The Joys of English Grammar

Up front, I’ll confess I’m a bit of a stickler for grammar.  While I fall short of correcting stranger’s obvious mistakes, people really do sound uneducated — or downright stupid — when they can’t be bothered to learn their own language properly.  I’ve certainly just thrown away resumes from job candidates who didn’t manage to get the basics correct in a document that represents them, and business communications where rules of grammar are violated make me cringe.

When I was a typesetter (back when it was done optically, if you can imagine) I was known for getting out an Exacto knife and physically repairing mismatched “who” and “whom” usage, or replacing well abused words such as “aggravate” and “moot.”  This led quickly to my promotion to copy editor, the knack of which has served me well through the years.

While on a shuttle bus near Midway airport, I sat behind two businessmen, traveling together.  One of them was telling a somewhat boring story that I barely listened to, but my ears naturally perked up when he used the phrase, “… we had so little time, we literally had to run to the baggage claim …”

At this point, his companion interrupted him.  “Literally?”

“Yes, literally,” his friend repeated, and attempted to explain, “we didn’t have much time at all.”

“Oh good,” his friend interrupted again.  “I was afraid you were using ‘run to the baggage claim’ in the metaphorical sense.”


“Well, you know, when you’re sitting at a large dinner party, and you say ‘I’ve got to run to the baggage claim’ by way of polite explanation for why you’re leaving all of a sudden.”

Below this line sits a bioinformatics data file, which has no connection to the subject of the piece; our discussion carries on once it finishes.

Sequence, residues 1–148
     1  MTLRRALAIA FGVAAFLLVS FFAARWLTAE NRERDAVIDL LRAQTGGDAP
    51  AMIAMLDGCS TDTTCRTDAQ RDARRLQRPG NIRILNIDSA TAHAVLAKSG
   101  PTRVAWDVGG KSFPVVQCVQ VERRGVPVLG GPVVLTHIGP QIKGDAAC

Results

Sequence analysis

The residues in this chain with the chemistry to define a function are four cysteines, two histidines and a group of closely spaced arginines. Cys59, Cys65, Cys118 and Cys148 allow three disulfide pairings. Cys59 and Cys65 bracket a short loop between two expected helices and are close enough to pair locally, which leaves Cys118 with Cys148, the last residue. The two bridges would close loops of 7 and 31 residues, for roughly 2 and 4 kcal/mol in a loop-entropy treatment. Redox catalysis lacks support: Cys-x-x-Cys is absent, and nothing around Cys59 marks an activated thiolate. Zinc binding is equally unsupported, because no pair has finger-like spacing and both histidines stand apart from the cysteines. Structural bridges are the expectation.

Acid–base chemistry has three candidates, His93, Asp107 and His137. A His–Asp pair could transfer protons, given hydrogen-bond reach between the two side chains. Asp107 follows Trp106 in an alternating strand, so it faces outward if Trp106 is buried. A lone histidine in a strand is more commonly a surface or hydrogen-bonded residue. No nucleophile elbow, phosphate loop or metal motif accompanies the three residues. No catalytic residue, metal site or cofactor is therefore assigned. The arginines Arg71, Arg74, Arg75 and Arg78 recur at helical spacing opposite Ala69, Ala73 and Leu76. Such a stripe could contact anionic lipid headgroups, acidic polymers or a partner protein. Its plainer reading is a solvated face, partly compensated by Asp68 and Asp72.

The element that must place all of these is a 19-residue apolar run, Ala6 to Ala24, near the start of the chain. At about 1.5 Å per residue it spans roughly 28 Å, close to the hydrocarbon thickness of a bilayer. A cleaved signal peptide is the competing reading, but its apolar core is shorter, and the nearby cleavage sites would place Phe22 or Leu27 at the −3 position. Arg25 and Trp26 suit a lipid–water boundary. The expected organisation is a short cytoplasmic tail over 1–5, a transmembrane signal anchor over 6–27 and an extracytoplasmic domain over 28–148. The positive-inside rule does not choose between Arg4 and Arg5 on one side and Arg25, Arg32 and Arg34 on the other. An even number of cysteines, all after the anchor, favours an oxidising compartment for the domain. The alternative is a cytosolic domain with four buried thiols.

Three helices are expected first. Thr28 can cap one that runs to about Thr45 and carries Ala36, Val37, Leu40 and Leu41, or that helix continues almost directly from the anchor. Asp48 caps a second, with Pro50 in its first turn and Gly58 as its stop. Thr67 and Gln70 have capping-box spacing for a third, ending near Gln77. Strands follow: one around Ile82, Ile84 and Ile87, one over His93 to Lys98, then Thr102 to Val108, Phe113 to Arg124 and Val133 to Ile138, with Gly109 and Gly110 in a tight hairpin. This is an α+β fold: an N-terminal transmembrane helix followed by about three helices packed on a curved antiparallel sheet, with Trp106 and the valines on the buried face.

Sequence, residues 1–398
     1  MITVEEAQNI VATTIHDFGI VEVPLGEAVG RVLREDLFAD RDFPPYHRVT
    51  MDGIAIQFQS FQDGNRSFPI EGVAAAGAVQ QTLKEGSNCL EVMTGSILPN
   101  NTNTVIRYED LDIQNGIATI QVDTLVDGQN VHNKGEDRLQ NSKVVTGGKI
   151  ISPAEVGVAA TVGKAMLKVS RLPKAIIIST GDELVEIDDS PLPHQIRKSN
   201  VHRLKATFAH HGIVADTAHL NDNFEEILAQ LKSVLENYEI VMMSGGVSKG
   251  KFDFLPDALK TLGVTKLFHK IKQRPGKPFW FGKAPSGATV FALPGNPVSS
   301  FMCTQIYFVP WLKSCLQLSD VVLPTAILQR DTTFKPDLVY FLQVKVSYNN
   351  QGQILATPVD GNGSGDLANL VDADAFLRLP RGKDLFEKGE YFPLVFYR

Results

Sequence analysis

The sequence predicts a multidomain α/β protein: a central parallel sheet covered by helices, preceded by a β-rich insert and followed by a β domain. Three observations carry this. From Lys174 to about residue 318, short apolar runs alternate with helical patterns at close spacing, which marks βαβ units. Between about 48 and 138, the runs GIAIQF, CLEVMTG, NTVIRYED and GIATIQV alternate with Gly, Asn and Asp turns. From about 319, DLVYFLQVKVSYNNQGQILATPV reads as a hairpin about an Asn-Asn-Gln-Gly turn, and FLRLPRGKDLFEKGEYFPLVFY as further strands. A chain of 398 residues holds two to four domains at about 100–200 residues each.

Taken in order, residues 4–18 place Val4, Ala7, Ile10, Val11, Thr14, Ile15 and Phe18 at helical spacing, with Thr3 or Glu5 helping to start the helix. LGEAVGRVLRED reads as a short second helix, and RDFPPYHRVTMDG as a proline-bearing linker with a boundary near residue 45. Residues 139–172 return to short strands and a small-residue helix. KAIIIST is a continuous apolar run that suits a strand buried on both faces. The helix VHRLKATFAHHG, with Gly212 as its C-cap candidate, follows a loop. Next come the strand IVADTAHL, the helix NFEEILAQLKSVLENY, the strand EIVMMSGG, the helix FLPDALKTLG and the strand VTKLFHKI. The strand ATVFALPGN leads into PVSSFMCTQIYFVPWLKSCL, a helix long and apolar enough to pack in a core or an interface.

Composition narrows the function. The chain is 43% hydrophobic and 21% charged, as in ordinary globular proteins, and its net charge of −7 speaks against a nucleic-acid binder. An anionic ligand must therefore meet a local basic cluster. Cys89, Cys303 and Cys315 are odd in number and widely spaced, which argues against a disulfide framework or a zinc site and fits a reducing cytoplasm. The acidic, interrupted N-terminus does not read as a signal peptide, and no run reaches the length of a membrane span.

“Sometimes I’ll be petting the dog and say “RUN TO THE BAGGAGE CLAIM, BOY!” but of course I don’t mean it literally.  There’s no actual baggage claim within miles of my back yard, and it would be rather silly to expect my dog to make it through security by himself.”

“I’m not sure I …”

“Last time my wife and I got back from Mexico, we checked bags and I was going to pick them up while she waited on the benches.  She said ‘don’t run to the baggage claim!’  We laughed and laughed for hours.”


“We had plenty of time, of course.  It’s not like I literally had to run to the baggage claim.  But after that long flight and that airplane food, I sure had to figurativelyIf you know what I mean.  It’s not like I could ‘run to the baggage claim’ in front of all those people.  That’s what made it so funny.”

“I don’t think I …”

“Well, the problem is that it’s nearly lost its meaning.  Like when we play tennis and the ball lands on your side, I can’t just say “the ball’s in your court” without adding the word “literally” or you might think I’m speaking metaphorically.  Like yours is the next move or something.”

“I think you’re splitting hairs…”

“There’s another one!  I walk around with a sharp knife, carefully slicing the ends of these hairs, and yet when I tell somebody I’m ‘splitting hairs’ they think I’m making some sort of meaningless distinction!  All the time I’m splitting hairs in a literal sense!  That’s quite a distinction, you’ll have to agree.”